We sat down, helped out by our Thai friend and her guidance. The monks entered in their saffron robes. We sat next to each other, in gilded chairs, our hands pressed together in front of us and the monks began to chant. Immediately, I (Talia) felt calm. Their voices washed away all of the stress of everything we had been doing to get ready for this moment.
I sat, serene, next to the man that would be my husband. Our guests sat behind us, fanning themselves in the heat. They may have been bored, or hot, or tired, but I was loving this.
There was a bit of moving around, lighting a candle, kneeling before the monks, more chanting. It was the most beautiful thing.
The monks finished their part and sat to eat the meal we had provided. Then we knelt behind an altar and our guests participated in the water ceremony, and also of tying Baci strings around our wrists, and three dots of white clay were placed on our foreheads while a string connected two yarn crowns on our heads.
|A friend pours water onto Ricky's hands.|
|Our amazing guests who made a long journey to see our wedding.|
The ceremony ended and we left to take photographs outside the main temple building, and then we all left on the bus back to the hotel in order to rest, change, and dry off from the sweat-inducing heat of the morning.
And the rest of the day went as perfectly as you could imagine a wedding day to be. There was no stress about cake or flowers or decorations or first dances. Instead...
We had lunch at the hotel. And then we went swimming. Yep. We all went to our rooms, changed, and went down to the pool for a swim. I tried to keep my hair as dry as possible, but wasn't even stressed about that. After swimming, we went back to our rooms to change again and head up for the pre-dinner cocktail hour. We chatted and hung out for a while, and then headed to dinner. We enjoyed some delicious traditional Thai fare, including my favorite - tom ka gai. Then, tables were moved back, the band set up, drinks were brought out and we started the real party.
By then I had changed out of my dress - sweat does a real number on pure silk and I was afraid the dress wouldn't hold up. So I got into a nice-ish dress and some flats, ready to dance. And dance we did!
|Our unintentional first dance.|
Our music was provided by a Bangkok supergroup, with help from the amazing Curtis King, who we met in Dalat, Vietnam during our last travels. He was kind enough to let us bring him out and play for us. And it was exactly the music and party we could have every hoped for. Even the guests got up and played, including, of course, Ricky.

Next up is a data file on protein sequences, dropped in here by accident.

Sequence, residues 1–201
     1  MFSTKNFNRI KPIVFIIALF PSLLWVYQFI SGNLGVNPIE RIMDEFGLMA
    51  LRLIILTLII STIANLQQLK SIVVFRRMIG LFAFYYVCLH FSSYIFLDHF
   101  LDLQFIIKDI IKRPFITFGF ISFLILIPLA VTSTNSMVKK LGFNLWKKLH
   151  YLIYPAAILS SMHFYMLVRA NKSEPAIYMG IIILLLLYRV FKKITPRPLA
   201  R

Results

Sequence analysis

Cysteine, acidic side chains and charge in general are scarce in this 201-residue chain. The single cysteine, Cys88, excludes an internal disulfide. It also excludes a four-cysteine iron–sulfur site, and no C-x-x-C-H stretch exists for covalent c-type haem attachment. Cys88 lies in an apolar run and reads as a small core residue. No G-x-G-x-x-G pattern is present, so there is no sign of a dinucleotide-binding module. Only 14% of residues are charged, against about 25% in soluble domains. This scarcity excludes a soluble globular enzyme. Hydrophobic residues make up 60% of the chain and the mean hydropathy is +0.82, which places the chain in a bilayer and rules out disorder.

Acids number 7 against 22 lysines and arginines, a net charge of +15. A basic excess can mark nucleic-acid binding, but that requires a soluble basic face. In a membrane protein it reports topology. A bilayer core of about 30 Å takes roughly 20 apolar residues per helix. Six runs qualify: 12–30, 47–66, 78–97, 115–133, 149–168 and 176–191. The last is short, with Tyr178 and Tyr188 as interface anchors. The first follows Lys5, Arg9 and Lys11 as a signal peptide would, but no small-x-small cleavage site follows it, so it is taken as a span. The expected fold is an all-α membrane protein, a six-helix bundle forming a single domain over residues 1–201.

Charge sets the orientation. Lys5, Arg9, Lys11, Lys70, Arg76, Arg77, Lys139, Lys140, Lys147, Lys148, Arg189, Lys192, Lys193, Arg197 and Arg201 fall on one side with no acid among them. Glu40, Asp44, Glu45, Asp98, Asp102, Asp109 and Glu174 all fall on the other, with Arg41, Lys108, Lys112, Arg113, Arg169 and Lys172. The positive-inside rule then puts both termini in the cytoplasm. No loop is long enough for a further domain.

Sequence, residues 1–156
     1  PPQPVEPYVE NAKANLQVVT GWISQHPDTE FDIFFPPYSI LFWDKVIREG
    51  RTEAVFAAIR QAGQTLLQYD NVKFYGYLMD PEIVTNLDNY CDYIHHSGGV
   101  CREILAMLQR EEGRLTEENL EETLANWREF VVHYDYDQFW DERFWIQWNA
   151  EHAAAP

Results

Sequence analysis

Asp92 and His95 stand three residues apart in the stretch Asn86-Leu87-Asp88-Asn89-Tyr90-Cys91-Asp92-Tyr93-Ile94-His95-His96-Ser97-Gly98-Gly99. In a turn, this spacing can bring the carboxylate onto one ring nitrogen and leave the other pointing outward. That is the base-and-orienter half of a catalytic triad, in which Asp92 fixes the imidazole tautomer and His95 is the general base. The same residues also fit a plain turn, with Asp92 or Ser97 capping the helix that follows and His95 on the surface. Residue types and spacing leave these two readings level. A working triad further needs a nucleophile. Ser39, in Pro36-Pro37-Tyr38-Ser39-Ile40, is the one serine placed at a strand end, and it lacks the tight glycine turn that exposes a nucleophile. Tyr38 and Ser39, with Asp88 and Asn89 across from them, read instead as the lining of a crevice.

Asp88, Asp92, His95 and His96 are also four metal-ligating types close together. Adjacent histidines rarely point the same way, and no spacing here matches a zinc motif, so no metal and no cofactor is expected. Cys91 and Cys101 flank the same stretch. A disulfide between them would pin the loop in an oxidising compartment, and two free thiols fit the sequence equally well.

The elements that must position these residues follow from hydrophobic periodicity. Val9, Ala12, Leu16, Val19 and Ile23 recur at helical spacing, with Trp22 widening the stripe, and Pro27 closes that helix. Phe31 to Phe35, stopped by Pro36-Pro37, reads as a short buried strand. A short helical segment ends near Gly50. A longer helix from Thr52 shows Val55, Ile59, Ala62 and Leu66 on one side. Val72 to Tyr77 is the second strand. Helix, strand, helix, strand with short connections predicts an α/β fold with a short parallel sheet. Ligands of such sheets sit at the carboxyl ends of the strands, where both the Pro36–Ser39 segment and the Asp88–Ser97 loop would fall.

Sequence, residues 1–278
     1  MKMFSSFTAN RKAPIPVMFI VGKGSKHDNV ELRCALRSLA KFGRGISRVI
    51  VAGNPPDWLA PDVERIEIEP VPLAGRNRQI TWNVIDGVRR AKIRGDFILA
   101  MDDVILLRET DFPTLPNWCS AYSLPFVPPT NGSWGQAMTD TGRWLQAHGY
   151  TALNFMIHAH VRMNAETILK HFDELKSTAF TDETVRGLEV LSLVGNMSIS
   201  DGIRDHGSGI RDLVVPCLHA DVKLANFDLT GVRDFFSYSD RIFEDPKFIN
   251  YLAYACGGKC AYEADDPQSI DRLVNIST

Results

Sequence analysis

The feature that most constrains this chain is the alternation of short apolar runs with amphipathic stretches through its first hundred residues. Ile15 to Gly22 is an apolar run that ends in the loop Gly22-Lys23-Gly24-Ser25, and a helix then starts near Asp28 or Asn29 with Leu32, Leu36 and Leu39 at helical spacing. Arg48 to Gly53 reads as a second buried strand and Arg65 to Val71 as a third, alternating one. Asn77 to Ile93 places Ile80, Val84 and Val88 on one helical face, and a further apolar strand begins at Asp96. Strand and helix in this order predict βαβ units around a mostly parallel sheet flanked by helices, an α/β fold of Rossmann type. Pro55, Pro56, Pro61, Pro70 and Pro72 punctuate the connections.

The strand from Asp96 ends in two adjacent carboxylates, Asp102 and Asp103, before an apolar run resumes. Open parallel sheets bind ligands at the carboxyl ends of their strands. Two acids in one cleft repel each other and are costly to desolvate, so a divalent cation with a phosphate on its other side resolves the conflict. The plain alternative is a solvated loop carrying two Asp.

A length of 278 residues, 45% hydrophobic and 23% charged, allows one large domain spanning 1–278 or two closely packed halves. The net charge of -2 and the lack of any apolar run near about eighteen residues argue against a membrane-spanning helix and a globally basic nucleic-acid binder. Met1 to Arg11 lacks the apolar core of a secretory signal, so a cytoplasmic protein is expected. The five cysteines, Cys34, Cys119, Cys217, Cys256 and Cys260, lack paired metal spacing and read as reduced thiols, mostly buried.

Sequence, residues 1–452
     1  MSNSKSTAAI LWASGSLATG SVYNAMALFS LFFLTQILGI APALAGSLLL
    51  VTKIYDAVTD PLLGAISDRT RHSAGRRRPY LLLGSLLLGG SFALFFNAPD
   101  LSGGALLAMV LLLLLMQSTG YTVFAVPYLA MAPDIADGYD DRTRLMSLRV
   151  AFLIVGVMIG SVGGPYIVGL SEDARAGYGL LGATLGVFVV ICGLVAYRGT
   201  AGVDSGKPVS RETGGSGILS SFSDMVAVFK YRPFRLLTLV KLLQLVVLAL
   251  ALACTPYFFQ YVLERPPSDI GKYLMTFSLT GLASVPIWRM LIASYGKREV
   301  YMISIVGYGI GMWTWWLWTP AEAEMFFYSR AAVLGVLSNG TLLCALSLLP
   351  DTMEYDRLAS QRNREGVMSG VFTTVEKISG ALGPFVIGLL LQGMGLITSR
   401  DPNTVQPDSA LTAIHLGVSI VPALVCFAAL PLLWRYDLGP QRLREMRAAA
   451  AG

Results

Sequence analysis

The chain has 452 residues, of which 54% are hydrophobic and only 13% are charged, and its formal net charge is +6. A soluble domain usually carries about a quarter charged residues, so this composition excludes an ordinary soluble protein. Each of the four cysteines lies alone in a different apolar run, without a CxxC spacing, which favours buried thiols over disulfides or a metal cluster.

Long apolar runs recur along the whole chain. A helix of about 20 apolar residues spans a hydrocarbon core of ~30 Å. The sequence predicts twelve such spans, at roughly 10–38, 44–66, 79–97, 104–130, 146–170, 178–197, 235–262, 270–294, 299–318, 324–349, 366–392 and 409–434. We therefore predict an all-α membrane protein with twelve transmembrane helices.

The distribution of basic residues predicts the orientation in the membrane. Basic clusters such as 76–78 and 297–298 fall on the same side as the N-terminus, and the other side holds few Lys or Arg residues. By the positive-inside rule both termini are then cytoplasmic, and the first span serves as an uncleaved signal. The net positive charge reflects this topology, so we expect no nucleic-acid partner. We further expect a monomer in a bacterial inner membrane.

|Ricky's ready to rock.|
We didn't follow any western wedding traditions for the reception: no bouquet or garter toss, no first dance (intentionally) or father-daughter/mother-son dances, no cake - although we did have ice cream brought out unceremoniously halfway through.
The night ended when our reservation time for the even room was finished and we took the party outdoors to sing and talk together. Our guests were happy, we all had fun, and we were finally married.
Stay tuned for Part 2 to find out more!
EDIT: I almost forgot an important part! How much did all of this cost and what did it include?
Our 5 Star hotel bill was about $5,500-ish for:
2 nights stay in the hotel for 30 guests and ourselves (for three nights)
AMAZING breakfast buffet for 2 mornings for everyone.
Wedding dinner and service
Reception hall rental for 5 hours
Cocktail hour in the lounge
Mixers and beer (we provided our own wine and liquor)
We then spent around $1000 more on miscellaneous wedding related things:
Bus rental and taxis
Donation to monks and temple
Lunch for monks
Flowers for monks
Flowers for water ceremony
Wedding clothes for both of us (custom made suit and custom designed dress with several alterations)
Ebony bands for both of us from Ian Gill: $60
We aren't including our own travel and extra days stay in Thailand. We also helped fly out some family members so they could be there, but we also aren't counting that. If we were, the total would be around $10-11k. Still not bad.